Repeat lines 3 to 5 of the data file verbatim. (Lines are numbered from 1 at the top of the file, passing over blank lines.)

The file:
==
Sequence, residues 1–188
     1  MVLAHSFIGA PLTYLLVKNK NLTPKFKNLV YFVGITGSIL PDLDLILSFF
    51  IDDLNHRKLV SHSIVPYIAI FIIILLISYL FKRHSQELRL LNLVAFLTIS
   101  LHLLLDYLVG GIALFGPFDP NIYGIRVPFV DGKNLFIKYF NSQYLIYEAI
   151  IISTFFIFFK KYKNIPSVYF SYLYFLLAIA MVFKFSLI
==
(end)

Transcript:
    51  IDDLNHRKLV SHSIVPYIAI FIIILLISYL FKRHSQELRL LNLVAFLTIS
   101  LHLLLDYLVG GIALFGPFDP NIYGIRVPFV DGKNLFIKYF NSQYLIYEAI
   151  IISTFFIFFK KYKNIPSVYF SYLYFLLAIA MVFKFSLI